In this example, we show how to perform molecular dynamics of bulk water using the popular interatomic TIP3P potential (W. L. Jorgensen et. al.) and LAMMPS.

In [1]:

```
import numpy as np
%matplotlib inline
import matplotlib.pylab as plt
from pyiron.project import Project
import ase.units as units
```

In [2]:

```
pr = Project("tip3p_water")
```

We will setup a cubic simulation box consisting of 27 water molecules density density is 1 g/cm$^3$. The target density is achieved by determining the required size of the simulation cell and repeating it in all three spatial dimensions

In [3]:

```
density = 1.0e-24 # g/A^3
n_mols = 27
mol_mass_water = 18.015 # g/mol
# Determining the supercell size size
mass = mol_mass_water * n_mols / units.mol # g
vol_h2o = mass / density # in A^3
a = vol_h2o ** (1./3.) # A
# Constructing the unitcell
n = int(round(n_mols ** (1. / 3.)))
dx = 0.7
r_O = [0, 0, 0]
r_H1 = [dx, dx, 0]
r_H2 = [-dx, dx, 0]
unit_cell = (a / n) * np.eye(3)
water = pr.create_atoms(elements=['H', 'H', 'O'],
positions=[r_H1, r_H2, r_O],
cell=unit_cell)
water.set_repeat([n, n, n])
water.plot3d()
```

In [4]:

```
water.get_chemical_formula()
```

Out[4]:

The initial water structure is obviously a poor starting point and requires equilibration (Due to the highly artificial structure a MD simulation with a standard time step of 1fs shows poor convergence). Molecular dynamics using a time step that is two orders of magnitude smaller allows us to generate an equilibrated water structure. We use the NVT ensemble for this calculation:

In [5]:

```
job_name = "water_slow"
ham = pr.create_job("Lammps", job_name)
ham.structure = water
# Listing available potentials for this structure
ham.list_potentials()
```

Out[5]:

We will use the `H2O_tip3p`

potential. The `H2O_tip3p_slab`

should be used if you want to switch off the periodic boundary conditions along the z-axis

In [6]:

```
ham.potential = 'H2O_tip3p'
ham.calc_md(temperature=300,
n_ionic_steps=1e4,
time_step=0.01)
ham.run()
```

In [7]:

```
view = ham.animate_structure()
view
```

At the end of this simulation, we have obtained a structure that approximately resembles water. Now we increase the time step to get a reasonably equilibrated structure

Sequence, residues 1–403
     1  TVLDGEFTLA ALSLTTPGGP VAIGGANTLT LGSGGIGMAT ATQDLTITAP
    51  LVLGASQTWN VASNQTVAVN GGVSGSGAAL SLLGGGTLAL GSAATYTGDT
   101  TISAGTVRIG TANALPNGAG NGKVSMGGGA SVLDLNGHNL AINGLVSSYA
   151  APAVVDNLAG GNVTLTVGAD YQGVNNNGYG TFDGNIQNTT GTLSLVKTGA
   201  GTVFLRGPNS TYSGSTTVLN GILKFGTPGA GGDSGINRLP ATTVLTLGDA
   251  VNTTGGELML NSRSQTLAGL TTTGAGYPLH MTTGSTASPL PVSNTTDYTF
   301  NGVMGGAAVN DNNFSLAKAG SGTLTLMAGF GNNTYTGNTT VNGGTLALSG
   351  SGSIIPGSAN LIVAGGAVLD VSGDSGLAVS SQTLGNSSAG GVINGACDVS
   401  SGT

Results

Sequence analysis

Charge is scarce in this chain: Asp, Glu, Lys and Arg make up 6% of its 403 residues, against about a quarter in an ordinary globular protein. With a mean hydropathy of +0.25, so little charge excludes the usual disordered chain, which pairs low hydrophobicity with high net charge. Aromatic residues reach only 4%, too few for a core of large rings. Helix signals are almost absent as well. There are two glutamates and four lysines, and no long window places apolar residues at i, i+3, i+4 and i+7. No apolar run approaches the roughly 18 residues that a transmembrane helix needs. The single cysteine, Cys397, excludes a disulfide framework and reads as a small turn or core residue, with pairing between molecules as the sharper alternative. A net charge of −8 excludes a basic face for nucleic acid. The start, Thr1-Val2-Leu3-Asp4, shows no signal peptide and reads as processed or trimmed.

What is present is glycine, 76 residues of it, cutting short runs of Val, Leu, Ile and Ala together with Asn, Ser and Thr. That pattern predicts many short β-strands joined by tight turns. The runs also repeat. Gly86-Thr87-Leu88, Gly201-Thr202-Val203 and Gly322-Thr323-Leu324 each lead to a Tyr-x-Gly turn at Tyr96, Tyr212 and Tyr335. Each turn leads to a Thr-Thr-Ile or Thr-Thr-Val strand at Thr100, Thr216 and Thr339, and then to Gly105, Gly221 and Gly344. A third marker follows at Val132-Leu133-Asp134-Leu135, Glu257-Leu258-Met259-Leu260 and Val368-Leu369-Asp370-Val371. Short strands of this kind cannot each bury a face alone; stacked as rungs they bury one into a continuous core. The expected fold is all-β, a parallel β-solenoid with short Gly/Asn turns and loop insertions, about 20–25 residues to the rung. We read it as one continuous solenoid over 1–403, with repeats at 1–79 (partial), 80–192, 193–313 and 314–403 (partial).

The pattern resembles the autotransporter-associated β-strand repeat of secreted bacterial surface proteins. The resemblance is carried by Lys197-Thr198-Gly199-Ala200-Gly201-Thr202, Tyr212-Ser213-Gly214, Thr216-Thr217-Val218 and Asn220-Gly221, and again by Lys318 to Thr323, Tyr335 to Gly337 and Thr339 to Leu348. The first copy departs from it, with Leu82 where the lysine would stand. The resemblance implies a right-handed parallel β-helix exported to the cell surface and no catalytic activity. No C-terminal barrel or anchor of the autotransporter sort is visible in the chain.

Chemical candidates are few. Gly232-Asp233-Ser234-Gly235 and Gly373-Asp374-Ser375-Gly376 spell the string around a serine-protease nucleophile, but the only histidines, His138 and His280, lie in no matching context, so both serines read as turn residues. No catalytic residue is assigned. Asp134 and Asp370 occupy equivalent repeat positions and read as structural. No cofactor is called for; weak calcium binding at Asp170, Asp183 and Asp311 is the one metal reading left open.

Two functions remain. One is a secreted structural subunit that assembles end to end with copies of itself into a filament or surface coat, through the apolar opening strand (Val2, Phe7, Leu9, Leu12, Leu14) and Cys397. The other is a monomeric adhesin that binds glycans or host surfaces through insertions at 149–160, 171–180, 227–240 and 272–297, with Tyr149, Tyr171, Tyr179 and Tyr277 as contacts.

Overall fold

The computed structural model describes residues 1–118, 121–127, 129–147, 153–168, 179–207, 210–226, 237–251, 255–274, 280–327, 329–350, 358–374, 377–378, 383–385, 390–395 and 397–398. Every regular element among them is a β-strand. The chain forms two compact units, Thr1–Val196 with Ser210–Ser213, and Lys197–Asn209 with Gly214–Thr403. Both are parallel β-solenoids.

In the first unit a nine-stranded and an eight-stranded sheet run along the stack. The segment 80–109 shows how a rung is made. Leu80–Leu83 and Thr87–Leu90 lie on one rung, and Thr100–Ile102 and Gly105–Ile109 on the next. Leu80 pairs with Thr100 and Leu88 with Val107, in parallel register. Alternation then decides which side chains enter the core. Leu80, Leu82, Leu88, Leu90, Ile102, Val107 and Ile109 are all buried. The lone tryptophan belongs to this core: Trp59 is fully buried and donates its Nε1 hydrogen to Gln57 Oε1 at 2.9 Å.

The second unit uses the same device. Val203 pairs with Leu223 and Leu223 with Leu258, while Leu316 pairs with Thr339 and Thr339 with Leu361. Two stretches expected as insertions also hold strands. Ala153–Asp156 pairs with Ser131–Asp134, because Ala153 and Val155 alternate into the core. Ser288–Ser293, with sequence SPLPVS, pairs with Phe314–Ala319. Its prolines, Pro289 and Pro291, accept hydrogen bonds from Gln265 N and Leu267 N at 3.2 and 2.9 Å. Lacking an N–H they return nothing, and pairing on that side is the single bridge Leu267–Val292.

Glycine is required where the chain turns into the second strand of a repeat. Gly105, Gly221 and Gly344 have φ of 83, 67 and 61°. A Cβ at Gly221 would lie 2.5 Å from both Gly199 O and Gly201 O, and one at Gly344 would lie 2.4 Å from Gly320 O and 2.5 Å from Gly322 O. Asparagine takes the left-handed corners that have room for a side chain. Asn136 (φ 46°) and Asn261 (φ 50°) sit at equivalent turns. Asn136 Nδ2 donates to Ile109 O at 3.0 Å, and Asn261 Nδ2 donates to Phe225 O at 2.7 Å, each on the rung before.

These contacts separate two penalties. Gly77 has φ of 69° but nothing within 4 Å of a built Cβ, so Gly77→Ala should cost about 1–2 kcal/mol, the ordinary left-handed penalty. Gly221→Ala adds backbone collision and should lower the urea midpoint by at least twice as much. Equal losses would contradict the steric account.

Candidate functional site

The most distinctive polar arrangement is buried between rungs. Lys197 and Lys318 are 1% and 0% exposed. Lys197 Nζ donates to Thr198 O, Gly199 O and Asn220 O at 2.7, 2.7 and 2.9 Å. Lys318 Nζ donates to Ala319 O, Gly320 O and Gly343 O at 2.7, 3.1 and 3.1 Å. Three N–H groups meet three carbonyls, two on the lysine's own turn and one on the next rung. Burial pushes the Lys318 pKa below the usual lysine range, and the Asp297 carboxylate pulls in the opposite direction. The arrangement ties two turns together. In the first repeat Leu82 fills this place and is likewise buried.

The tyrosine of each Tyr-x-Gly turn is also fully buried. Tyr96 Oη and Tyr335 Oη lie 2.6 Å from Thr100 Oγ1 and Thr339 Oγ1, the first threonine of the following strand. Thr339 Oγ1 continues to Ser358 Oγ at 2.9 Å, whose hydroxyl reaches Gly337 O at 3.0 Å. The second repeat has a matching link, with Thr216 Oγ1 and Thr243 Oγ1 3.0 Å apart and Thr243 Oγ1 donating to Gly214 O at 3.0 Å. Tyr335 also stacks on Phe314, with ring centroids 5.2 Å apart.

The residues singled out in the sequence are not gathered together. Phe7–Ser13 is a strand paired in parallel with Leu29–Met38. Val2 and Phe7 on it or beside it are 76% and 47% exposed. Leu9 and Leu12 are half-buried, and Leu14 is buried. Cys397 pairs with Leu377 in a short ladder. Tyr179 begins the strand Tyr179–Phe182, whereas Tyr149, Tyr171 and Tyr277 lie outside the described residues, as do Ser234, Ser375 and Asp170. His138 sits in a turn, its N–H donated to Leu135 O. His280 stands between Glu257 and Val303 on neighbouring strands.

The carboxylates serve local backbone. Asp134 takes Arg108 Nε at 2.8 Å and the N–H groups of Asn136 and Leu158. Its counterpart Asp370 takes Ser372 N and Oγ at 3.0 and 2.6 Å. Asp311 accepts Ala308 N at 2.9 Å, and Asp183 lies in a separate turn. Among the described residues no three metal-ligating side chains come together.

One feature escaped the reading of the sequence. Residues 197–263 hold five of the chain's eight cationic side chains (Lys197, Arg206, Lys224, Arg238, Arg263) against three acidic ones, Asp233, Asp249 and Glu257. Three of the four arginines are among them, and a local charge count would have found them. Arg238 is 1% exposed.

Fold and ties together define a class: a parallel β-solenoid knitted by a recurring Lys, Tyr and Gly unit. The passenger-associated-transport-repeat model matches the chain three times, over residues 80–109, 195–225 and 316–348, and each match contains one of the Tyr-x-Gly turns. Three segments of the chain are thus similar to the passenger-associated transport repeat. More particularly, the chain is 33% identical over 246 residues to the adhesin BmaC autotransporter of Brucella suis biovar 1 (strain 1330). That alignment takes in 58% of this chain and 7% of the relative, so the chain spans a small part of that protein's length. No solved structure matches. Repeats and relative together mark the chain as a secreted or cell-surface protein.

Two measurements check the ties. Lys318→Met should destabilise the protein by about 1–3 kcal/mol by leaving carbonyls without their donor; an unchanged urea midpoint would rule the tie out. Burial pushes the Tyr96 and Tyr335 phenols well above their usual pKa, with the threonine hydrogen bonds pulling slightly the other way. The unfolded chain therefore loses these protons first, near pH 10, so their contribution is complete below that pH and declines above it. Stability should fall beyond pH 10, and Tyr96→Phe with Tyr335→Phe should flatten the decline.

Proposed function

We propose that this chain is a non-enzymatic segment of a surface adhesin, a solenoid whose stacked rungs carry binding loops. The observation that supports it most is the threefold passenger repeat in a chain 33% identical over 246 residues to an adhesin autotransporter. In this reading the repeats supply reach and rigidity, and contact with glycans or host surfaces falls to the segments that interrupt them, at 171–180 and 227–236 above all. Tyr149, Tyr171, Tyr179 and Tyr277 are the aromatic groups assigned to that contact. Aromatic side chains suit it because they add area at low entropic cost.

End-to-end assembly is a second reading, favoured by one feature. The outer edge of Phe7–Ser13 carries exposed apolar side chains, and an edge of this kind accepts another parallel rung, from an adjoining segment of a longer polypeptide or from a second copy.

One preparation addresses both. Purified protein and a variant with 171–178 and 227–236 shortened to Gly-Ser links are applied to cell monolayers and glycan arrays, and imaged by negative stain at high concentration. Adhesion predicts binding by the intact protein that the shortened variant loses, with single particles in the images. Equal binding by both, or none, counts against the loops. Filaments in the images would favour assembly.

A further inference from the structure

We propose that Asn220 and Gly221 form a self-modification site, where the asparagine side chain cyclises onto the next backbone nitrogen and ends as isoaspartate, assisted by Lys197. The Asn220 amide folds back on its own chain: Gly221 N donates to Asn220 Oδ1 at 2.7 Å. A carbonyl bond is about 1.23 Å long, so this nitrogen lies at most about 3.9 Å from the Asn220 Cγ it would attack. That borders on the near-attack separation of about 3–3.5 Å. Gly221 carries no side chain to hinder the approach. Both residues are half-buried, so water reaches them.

In [8]:

```
# Get the final structure from the previous simulation
struct = ham.get_structure(iteration_step=-1)
job_name = "water_fast"
ham_eq = pr.create_job("Lammps", job_name)
ham_eq.structure = struct
ham_eq.potential = 'H2O_tip3p'
ham_eq.calc_md(temperature=300,
n_ionic_steps=1e4,
n_print=10,
time_step=1)
ham_eq.run()
```

In [9]:

```
view = ham_eq.animate_structure()
view
```

We can now plot the trajectories

In [10]:

```
plt.plot(ham_eq["output/generic/energy_pot"])
plt.xlabel("Steps")
plt.ylabel("Potential energy [eV]");
```

In [11]:

```
plt.plot(ham_eq["output/generic/temperature"])
plt.xlabel("Steps")
plt.ylabel("Temperature [K]");
```

We will now use the `get_neighbors()`

function to determine structural properties from the computed trajectories. We take advantage of the fact that the TIP3P water model is a rigid water model which means the neighbors of each molecule never change. Therefore they need to be indexed only once

In [12]:

```
final_struct = ham_eq.get_structure(iteration_step=-1)
# Get the indices based on species
O_indices = final_struct.select_index("O")
H_indices = final_struct.select_index("H")
# Getting only the first two neighbors
neighbors = final_struct.get_neighbors(num_neighbors=2)
```

Every O atom has two H atoms as immediate neighbors. The distribution of this bond length is obtained by:

In [13]:

```
bins = np.linspace(0.5, 1.5, 100)
plt.hist(neighbors.distances[O_indices].flatten(), bins=bins)
plt.xlim(0.5, 1.5)
plt.xlabel("d$_{OH}$ [$\AA$]")
plt.ylabel("Count");
```

We need to extend the analysis to go beyond nearest neighbors. We do this by controlling the cutoff distance

In [14]:

```
neighbors = final_struct.get_neighbors(cutoff=8)
```

In [15]:

```
neigh_indices = np.hstack(neighbors.indices[O_indices])
neigh_distances = np.hstack(neighbors.distances[O_indices])
```

One is often intended in an element specific pair correlation function. To obtain for example, the O-O coordination function, we do the following:

In [16]:

```
# Getting the neighboring Oxyhen indices
O_neigh_indices = np.in1d(neigh_indices, O_indices)
O_neigh_distances = neigh_distances[O_neigh_indices]
```

In [17]:

```
bins = np.linspace(1, 5, 100)
count = plt.hist(O_neigh_distances, bins=bins)
plt.xlim(2, 4)
plt.title("O-O pair correlation")
plt.xlabel("d$_{OO}$ [$\AA$]")
plt.ylabel("Count");
```

In [ ]:

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```